You need to override
GetHashCode() whenever you override
Equals() (which you should also do when you implement
IEquatable<T>) so that classes that rely on it, such as
Dictionary<TKey, TValue>, can handle it correctly. It's one of those inner details that annoyingly leaks out. More information.
As for whether comparing your IDs is sufficient for determining equality, if you're absolutely sure that two entities with the same ID should be considered equivalent under all circumstances, then go for it. That's a question only the requirements of your application can answer. I've done it quite a few times myself, almost always with read-only entities.
I would implement it this way:
// IEquatable<MyClass> implementation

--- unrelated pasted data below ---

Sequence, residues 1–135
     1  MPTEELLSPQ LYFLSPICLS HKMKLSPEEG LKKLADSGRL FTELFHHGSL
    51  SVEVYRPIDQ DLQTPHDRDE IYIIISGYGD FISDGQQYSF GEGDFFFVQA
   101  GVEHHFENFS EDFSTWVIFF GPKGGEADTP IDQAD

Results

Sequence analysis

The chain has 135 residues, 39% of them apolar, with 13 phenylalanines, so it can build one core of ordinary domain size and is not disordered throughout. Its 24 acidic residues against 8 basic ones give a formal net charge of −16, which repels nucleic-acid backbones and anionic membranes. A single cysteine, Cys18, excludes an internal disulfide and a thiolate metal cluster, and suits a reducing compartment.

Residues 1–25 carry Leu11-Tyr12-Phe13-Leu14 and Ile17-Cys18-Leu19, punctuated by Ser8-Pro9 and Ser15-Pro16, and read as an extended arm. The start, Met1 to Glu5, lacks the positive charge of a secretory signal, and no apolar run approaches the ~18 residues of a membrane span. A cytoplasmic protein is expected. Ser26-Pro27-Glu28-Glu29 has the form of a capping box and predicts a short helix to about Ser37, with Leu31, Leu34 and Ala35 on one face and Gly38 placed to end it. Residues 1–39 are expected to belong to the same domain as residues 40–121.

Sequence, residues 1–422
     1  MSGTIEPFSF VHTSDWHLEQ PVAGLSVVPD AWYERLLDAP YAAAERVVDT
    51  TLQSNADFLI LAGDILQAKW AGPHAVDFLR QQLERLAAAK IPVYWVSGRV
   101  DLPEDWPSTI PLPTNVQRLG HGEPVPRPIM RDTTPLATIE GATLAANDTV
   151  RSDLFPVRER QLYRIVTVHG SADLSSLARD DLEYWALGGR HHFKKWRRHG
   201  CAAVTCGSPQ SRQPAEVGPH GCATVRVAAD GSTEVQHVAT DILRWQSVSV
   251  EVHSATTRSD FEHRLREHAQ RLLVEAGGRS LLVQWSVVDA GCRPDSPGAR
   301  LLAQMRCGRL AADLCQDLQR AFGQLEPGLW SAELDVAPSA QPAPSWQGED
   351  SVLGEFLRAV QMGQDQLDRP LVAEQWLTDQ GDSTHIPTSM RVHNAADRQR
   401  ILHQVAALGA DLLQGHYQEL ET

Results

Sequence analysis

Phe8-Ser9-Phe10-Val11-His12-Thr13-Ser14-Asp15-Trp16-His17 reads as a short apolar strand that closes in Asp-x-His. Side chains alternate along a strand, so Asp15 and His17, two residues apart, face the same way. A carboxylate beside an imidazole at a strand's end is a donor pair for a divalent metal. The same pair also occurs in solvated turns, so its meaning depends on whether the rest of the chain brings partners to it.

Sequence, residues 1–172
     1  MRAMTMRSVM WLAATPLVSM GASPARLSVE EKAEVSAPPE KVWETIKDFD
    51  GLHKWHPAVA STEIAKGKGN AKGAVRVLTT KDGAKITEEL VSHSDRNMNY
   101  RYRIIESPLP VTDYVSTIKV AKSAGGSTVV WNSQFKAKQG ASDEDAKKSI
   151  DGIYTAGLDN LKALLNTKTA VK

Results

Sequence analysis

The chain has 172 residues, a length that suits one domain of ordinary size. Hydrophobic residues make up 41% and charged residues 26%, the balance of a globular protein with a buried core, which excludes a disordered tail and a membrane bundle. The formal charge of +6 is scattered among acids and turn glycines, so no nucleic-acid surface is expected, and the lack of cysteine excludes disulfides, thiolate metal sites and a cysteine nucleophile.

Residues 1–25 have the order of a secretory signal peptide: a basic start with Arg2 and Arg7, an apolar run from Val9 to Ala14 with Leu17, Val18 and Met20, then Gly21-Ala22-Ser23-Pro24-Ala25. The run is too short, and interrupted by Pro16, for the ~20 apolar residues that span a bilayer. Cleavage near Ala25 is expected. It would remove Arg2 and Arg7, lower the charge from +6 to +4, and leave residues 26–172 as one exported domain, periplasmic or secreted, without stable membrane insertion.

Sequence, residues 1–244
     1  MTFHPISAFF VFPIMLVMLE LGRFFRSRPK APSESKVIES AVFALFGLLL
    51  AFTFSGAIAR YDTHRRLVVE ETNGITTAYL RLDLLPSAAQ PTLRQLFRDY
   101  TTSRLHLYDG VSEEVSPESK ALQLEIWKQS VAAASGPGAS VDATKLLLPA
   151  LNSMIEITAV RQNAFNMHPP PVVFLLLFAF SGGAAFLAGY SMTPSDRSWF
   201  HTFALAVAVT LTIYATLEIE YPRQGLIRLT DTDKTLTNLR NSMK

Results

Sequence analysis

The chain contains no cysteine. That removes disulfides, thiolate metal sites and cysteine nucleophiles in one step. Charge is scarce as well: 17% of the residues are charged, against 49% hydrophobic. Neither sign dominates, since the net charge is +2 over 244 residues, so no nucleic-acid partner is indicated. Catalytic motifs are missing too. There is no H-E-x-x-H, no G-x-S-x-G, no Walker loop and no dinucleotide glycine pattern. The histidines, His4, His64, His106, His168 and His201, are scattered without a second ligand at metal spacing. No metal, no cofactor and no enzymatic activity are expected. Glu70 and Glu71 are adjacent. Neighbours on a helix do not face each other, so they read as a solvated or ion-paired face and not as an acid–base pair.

public bool Equals(MyClass other)
if (other == null)
return this.ID == other.ID;
// Override of default Object.Equals()
public override bool Equals(object other)
return this.Equals(other as MyClass);
public override int GetHashCode()
// Call ID.GetHashCode() because ID may not always be int,
// and the ID type might have a more useful implementation
// of GetHashCode() to offer.
You should probably also override the
!= operators in this case. You can always use
Object.ReferenceEquals() if you want to distinguish between two distinct references with the same ID.